Posted by on 2018年3月24日

Euromaidan was a wave of demonstrations and civil unrest in Ukraine, which began on the night of 21 November 2013 with public protests in Maidan Nezalezhnosti in Kiev. Wikipedia

Start date: November 21, 2013

Euromaidan (/ˌjʊərəˌmˈdɑːnˌjʊər-/;[73][74] UkrainianЄвромайданRussianЕвромайданYevromaidan, literally “Euro[pean] Square”[nb 6]) was a wave of demonstrations and civil unrest in Ukraine, which began on the night of 21 November 2013 with public protests in Maidan Nezalezhnosti (“Independence Square”) in Kiev. The protests were sparked by the Ukrainian government’s decision to suspend the signing of an association agreement with the European Union, instead choosing closer ties to Russia and the Eurasian Economic Union. The scope of the protests soon widened, with calls for the resignation of President Viktor Yanukovych and his government.[78] The protests were fueled by the perception of “widespread government corruption“, “abuse of power” and “violation of human rights in Ukraine“.[79] Transparency International named President Yanukovych as the top example of corruption in the world.[80] The situation escalated after the violent dispersal of protesters on 30 November, leading to many more protesters joining.[5] The protests led to the 2014 Ukrainian revolution.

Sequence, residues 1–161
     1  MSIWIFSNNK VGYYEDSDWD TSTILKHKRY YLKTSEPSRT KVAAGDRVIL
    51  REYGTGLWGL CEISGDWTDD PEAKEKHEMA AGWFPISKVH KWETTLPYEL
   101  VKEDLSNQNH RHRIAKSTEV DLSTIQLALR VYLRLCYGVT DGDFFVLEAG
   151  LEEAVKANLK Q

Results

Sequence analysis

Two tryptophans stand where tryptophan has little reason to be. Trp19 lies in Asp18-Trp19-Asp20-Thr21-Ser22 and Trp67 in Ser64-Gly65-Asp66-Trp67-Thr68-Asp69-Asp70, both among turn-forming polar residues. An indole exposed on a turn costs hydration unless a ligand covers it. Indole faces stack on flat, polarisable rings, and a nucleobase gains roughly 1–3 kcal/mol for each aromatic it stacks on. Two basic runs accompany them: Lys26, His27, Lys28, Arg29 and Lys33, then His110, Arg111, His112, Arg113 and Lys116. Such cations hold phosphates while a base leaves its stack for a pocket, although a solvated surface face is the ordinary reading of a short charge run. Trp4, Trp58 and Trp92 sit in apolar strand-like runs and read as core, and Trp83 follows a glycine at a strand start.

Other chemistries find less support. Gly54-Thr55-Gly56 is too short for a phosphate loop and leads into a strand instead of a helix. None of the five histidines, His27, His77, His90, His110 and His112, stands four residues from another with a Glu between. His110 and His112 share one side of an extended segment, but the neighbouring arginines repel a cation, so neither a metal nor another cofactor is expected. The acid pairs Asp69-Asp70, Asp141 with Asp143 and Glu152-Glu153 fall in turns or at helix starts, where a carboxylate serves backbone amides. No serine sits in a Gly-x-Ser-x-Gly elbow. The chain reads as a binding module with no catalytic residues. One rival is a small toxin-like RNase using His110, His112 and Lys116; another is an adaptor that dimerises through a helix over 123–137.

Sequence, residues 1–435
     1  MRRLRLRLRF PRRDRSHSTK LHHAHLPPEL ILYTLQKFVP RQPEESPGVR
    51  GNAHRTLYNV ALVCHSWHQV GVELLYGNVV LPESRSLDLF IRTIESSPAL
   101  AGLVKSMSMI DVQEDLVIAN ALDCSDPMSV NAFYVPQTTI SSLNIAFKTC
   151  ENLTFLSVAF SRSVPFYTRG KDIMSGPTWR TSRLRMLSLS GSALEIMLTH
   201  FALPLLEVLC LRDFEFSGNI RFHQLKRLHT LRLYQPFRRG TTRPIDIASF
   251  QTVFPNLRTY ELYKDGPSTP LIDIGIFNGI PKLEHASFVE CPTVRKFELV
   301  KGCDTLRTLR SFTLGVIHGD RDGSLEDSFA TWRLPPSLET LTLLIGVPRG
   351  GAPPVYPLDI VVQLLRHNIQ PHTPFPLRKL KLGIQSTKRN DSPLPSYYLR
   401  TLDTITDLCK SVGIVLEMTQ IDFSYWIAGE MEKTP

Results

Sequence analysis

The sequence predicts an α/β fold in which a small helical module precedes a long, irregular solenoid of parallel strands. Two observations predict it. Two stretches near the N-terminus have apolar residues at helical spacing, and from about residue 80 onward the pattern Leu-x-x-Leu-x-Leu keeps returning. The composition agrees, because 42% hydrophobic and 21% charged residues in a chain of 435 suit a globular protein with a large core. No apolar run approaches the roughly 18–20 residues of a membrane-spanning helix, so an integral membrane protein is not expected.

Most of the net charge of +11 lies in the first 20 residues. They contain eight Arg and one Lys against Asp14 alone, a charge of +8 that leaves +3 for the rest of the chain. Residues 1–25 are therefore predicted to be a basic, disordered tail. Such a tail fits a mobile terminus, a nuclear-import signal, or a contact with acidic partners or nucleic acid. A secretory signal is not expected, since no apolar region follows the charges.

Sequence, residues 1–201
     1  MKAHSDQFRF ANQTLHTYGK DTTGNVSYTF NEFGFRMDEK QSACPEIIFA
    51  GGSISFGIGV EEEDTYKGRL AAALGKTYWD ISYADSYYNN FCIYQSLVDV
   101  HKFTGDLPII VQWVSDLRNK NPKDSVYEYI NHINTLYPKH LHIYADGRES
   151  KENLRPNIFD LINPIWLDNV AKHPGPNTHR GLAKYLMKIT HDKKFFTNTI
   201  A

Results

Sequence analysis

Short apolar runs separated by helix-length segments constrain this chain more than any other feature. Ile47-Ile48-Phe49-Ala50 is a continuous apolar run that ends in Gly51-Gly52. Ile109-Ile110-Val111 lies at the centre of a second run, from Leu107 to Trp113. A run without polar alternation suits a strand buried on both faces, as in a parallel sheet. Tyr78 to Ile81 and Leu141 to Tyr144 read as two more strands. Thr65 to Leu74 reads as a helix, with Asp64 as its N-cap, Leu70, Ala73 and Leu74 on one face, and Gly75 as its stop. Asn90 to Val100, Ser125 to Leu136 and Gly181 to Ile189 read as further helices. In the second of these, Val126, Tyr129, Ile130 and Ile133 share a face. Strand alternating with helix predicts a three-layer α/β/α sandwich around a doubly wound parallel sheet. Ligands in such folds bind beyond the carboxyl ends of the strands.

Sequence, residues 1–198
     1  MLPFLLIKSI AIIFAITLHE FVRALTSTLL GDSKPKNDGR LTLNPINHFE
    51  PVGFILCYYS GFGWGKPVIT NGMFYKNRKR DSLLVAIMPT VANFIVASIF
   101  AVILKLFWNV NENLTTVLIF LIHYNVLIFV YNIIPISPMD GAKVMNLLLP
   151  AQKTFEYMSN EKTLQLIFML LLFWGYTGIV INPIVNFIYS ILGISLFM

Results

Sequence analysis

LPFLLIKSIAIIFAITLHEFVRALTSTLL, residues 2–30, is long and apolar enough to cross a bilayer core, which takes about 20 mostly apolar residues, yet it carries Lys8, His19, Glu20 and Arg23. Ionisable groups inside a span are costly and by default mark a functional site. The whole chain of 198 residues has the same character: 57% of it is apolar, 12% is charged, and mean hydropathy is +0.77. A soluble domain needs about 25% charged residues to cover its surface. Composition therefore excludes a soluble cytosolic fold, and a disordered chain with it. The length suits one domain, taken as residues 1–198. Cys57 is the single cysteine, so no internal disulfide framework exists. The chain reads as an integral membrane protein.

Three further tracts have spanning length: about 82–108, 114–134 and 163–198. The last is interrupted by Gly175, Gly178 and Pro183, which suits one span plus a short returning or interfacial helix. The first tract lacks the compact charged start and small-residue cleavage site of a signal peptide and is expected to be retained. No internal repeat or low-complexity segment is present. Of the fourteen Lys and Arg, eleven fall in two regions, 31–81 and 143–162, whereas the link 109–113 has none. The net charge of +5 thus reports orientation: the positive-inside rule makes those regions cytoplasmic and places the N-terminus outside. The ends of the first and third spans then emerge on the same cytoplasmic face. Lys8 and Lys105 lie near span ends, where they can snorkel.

During the Euromaidan, there were protests and clashes with police throughout Ukraine, especially at the Maidan in Kiev, which was occupied and barricaded by protesters. Dozens of communist monuments were also toppled or destroyed. Protests and clashes increased in January, after the Ukrainian parliament passed a group of anti-protest laws. Protesters occupied government buildings in many regions of Ukraine, and several activists were killed in clashes on Hrushevskoho Street in Kiev. The protests climaxed in mid-February. Riot police advanced towards Maidan and clashed with protesters but did not fully occupy it. Police and activists fired live and rubber ammunition at multiple locations in Kiev. There was fierce fighting in Kiev on February 18–20, in which almost 100 activists and 17 police officers were killed (see List of people killed during Euromaidan). As a result of these events, Yanukovych was forced to make concessions to the opposition to end the bloodshed in Kiev and end the crisis. The Agreement on settlement of political crisis in Ukraine was signed by Vitaly KlitschkoArseny YatsenyukOleh Tyahnybok. The signing was witnessed by the Foreign Ministers of Germany and Poland, Frank-Walter SteinmeierRadosław Sikorski, respectively, and the Director of the Continental Europe Department of the French Foreign Ministry, Eric Fournier.[81] Vladimir Lukin, representing Russia, refused to sign the agreement.

In late February 2014, Yanukovych and many other high government officials fled the country. Protesters gained control of the presidential administration and Yanukovych’s private estate. Afterwards, the parliament removed Yanukovych from office, replaced the government with a pro-European one, and ordered that former Prime Minister Yulia Tymoshenko be released from prison.[82] Events in Kiev were soon followed by the Crimean crisis and pro-Russian unrest in Eastern Ukraine. Despite the impeachment of Yanukovych,[83] the installation of a new government, and the adoption of the Ukraine-EU Association Agreement‘s political provisions, the protests have sustained pressure on the government to reject Russian influence in Ukraine.